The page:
Top Potential Player Matchup:
Brandon Triche vs. Victor Oladipo got some consideration here as did Davonte Gardner vs. Reggie Johnson (please no weight jokes) but March seems to be more about point guard play than anything else. And a Syracuse vs. NC State matchup in the Sweet 16 would be a golden opportunity for both players to improve their draft stock competing against one another which is something they will be doing come May and June as they battle for draft positions. Both players have great size and length for their position but neither is a very good shooter. Both players can get into the lane and finish around the rim but neither shoots a high percentage from beyond the arc. The more you look at both players, their game are very similar. Good size, good length, excellent floor generals, out of control at times which leads to turnovers, good defenders, lethal in transition, lack elite athleticism and poor jump shooters. NBA scouts watch the Tournament to see what players do under the bright lights. You better believe that they will tune in if this matchup were to happen to see which player gets the better of the other. Brown has more to gain from this matchup as he is a fringe first rounder while Carter-Williams has secured a spot in the late lottery.
Top Coach: Jim Boeheim – Syracuse
914 career wins, all with the Orange, says it all. Boeheim is one of the greatest coaches in the history of the game and if it weren’t for a guy down at Duke, he might go down as the greatest of all time. He has led Syracuse to 30 NCAA Tournament appearances, three Final Fours and a National Championship. He has 46 wins all-time in the tournament and at age 68 still hasn’t lost his ability to manage games.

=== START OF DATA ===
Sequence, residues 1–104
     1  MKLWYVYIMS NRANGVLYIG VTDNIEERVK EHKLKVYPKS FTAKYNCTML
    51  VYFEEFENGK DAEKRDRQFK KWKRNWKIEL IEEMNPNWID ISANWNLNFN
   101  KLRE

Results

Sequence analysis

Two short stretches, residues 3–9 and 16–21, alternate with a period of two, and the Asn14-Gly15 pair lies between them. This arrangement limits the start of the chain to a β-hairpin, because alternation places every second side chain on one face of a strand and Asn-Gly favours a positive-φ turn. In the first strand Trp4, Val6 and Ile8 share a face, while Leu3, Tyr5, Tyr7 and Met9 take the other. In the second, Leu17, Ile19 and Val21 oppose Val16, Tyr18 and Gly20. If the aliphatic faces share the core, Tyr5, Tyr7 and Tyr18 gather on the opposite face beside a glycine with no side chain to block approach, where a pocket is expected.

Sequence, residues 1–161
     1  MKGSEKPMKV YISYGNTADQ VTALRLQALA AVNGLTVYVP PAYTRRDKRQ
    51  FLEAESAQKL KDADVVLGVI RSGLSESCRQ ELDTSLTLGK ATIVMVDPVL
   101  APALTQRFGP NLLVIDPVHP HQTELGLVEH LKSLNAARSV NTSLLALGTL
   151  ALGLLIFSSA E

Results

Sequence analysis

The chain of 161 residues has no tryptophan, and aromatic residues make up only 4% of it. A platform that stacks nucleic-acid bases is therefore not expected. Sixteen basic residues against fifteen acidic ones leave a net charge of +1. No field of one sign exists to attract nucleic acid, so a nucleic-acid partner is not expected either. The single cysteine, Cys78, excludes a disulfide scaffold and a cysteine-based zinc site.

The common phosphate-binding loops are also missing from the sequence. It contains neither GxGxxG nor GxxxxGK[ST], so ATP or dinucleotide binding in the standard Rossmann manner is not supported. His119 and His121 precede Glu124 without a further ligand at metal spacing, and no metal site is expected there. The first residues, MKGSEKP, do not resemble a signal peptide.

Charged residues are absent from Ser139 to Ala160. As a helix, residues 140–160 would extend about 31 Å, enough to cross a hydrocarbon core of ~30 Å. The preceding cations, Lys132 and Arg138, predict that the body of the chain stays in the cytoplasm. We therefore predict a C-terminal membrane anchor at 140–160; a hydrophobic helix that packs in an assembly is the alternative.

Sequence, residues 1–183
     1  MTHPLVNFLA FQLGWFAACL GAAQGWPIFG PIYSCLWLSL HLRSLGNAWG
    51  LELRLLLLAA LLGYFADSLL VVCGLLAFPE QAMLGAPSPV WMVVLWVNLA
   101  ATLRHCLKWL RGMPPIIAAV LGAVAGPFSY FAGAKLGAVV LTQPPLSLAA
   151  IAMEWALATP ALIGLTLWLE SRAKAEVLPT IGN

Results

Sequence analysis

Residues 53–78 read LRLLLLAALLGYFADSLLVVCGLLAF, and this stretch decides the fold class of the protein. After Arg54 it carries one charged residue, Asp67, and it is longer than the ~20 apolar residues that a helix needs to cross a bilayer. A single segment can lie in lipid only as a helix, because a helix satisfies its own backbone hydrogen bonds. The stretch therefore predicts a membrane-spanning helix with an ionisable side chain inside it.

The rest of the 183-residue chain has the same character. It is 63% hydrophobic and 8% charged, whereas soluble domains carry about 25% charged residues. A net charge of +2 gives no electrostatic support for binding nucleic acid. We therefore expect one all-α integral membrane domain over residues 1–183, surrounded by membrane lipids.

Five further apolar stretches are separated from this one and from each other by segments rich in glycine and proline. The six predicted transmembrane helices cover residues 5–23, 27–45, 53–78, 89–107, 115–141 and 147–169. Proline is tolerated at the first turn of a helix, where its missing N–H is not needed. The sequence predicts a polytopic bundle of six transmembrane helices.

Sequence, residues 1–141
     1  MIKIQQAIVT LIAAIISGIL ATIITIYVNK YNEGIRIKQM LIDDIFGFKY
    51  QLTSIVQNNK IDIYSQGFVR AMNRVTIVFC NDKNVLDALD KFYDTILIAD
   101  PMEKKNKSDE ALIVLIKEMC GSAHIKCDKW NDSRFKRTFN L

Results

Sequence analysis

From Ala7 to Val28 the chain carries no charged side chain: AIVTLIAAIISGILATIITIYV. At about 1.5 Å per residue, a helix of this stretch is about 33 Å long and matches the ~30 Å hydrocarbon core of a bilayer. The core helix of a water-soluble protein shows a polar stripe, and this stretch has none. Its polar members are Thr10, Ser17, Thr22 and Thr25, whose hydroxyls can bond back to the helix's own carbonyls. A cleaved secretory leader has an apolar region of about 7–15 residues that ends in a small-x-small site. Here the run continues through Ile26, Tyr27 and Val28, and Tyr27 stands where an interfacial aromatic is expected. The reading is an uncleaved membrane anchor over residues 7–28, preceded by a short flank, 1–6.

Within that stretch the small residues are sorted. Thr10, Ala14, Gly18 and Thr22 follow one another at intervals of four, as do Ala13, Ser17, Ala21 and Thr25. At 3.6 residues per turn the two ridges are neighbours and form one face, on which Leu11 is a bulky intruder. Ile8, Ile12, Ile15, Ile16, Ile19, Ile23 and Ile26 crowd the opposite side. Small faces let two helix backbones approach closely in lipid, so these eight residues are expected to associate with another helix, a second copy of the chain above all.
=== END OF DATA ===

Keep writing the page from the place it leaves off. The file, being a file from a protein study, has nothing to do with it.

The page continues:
Sleeper Coach: Tad Boyle – Colorado
Here’s a stat for you. In Tad Boyle’s first three seasons with the Buffalos he has compiled a record of 67-34 which amounts to a .663 win percentage. That percentage is #1 all-time for Colorado basketball for coaches that have coached 12 or more games for the school. He replaced Jeff Bzdelik who compiled a .383 win percentage during his three years at the school. Boyle led the Buffs to the tournament a season ago and won their first round game. He faces a tough test in Illinois in the first round this season but if he can win that one, and possible take down Miami in the second round he will become the most successful coach in Colorado history.
Top 5 NBA Prospects:
1. Cody Zeller – Indiana
Zeller could have been a top ten pick in last year’s draft but made a wise decision to come back to Indiana for his sophomore season. His return made the Hoosiers the preseason favorite to win it all and also gave Zeller a chance to refine his game, add more strength and show scouts that he isn’t afraid to get dirty and play physical down in the low post. He hasn’t disappointed thus far and has improved his scoring and rebounding averages from a season ago. He still shies away from contact at times but he has gotten better and has gotten to the free throw line an additional 1.3 times per game this season. He is definite top ten pick based on his offensive skill set and could sneak into the top five depending on who comes out.
2. Anthony Bennett – UNLV